Death and Dying in Denmark

How to proceed if you need to report the death of a family member or arrange the burial, cremation or the repatriation of remains outside Denmark...

In the event of the death of a family member, friend or relative in Denmark the first thing to do is to contact the local doctor of the deceased. The doctor certifies the death and issues a medical certificate of death (Dødsattest) and a death report, and reports the death to the local authorities (Sundhedsstyrelsen).

Reporting a Death and Burial Request

All deaths in Denmark are registered by the Danish National Church and must be reported to the local church office in the area of residence/parish of the deceased within 48 hours. This report, which is also a burial request, has to be carried out even if the deceased was affiliated with another religion, or not a member of the church.

  • The form to report a death is called Dødsanmeldelse og anmodning om begravelse/ligbrænding)
  • To find a local parish office: Click here (in Danish)

The death can be reported by a relative, or by a local funeral parlour on behalf of the relative.

When reporting a death a number of documents need to be supplied:

  • Medical certificate of death issued by the doctor
  • Social security card of the deceased
  • Marriage or birth certificate of the deceased

The Church Office then notifies the National Register (folkeregister) of the death. The Probate Court (skifteret) is also informed of the death and, soon afterwards, summons the family to deal with the distribution of the deceased's assets.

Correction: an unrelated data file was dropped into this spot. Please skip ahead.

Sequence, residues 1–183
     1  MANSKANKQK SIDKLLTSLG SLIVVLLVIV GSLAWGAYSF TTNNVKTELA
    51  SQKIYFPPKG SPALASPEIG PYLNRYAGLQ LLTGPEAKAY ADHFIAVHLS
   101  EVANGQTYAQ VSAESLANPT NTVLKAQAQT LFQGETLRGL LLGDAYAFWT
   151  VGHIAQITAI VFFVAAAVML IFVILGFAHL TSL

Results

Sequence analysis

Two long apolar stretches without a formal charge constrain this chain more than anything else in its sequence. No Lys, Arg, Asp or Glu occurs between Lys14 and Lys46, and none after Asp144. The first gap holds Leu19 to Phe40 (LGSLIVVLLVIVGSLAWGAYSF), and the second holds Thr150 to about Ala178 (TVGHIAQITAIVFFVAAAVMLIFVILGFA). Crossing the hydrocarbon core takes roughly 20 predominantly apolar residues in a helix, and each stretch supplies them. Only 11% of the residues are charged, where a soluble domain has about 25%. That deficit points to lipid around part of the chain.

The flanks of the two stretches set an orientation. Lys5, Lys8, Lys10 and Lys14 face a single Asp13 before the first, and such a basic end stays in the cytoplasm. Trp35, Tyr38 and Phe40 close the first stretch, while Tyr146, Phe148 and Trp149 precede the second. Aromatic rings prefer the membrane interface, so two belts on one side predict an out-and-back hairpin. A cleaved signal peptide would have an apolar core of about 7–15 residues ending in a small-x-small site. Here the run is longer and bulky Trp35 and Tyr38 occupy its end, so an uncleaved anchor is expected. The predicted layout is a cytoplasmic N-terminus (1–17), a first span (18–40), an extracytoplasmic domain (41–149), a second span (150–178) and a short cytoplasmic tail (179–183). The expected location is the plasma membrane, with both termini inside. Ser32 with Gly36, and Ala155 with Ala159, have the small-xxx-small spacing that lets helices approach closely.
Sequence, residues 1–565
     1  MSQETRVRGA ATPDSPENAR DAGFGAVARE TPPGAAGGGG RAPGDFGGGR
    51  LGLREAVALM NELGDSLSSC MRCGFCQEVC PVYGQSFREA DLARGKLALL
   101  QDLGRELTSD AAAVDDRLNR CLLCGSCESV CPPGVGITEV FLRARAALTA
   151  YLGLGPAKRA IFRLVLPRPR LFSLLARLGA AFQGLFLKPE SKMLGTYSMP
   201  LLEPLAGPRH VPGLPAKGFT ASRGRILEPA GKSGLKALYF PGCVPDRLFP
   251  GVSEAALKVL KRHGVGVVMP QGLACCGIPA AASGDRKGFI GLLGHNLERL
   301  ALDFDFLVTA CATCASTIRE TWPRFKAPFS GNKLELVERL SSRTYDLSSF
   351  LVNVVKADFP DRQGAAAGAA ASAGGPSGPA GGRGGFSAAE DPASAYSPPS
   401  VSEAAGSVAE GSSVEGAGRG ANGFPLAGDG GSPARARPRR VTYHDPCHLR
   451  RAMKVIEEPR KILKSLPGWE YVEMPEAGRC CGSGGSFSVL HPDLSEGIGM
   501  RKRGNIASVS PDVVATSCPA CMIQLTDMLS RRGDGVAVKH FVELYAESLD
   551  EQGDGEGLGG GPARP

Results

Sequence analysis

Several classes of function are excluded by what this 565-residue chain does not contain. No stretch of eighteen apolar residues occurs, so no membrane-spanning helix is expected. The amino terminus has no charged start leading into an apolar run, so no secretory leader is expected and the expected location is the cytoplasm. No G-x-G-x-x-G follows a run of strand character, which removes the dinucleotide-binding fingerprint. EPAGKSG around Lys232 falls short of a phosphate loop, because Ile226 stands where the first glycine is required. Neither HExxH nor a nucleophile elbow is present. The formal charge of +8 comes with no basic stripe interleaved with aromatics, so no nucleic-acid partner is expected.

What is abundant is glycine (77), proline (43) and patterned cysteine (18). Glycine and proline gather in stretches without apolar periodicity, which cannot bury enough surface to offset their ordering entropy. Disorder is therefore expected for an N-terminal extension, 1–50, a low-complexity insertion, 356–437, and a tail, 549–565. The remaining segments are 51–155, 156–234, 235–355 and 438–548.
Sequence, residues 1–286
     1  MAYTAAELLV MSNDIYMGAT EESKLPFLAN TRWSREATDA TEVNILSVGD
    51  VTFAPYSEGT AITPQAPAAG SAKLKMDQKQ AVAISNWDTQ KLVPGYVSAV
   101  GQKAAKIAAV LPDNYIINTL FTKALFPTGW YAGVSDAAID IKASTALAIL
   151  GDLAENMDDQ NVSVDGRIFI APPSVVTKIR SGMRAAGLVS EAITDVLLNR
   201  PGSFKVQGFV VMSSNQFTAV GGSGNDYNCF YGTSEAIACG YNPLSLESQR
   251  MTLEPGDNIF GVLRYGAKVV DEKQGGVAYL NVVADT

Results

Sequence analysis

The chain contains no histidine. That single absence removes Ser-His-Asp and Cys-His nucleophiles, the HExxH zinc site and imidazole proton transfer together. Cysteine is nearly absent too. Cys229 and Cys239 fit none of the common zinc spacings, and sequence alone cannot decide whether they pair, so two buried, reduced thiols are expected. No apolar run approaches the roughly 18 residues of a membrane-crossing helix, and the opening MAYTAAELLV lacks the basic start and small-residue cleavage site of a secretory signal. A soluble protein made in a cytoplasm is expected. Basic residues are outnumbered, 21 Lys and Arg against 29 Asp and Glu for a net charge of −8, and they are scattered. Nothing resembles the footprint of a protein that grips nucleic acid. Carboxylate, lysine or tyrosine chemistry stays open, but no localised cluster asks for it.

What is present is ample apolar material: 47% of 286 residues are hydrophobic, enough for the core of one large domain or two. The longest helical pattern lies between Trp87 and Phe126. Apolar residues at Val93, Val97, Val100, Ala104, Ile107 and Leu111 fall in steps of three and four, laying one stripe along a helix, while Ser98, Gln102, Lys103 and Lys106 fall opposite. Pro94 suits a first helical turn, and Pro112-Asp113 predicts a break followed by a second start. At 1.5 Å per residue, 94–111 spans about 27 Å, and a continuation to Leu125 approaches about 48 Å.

Burial

After the death has been reported to the Danish National Church, the relatives of the deceased receive an official burial approval in writing from the church office (Godkendelsesattest).

The burial approval must be given to the church or crematorium where the burial or cremation is to take place. In general, the burial or cremation takes place within eight days of the death. Financial assistance may be available through the local authorities.

A burial or cremation takes place according to Danish law and the deceased's will, and at places authorised by the Danish Ministry of Ecclesiastical Affairs (Kirkeministeriet). All citizens in Denmark have the right to be buried in a cemetery, regardless of their religion. Some cemeteries have a burial site for religious communities outside of the Danish National Church

Burial may take place on private property with the permission of the Church Minister, and if requested by the deceased in their will. Applications must be made through the local Church office.

Dispersal of ashes

If the deceased has stated the wish for their ashes to be dispersed, the relative must submit an application form at the place of cremation before the cremation takes place.

  • The application form (Spredning af aske over åbent hav) is available online: Click here (in Danish)

According to Danish law, dispersal of ashes is permitted in the sea, large fjords or bays. It is prohibited to disperse ashes over a lake. Ashes may not be dispersed in the urn itself.

Repatriation of the Body

Returning the deceased to their home country generally requires the help of the relevant local embassy or consulate, and can be organised by a funeral parlour which takes care of the necessary documentation with local authorities. A special permit must be issued by the local authorities before the body can be repatriated.

The passport of the deceased should travel with the body.

Euthanasia

Euthanasia/assisted suicide is not legal in Denmark.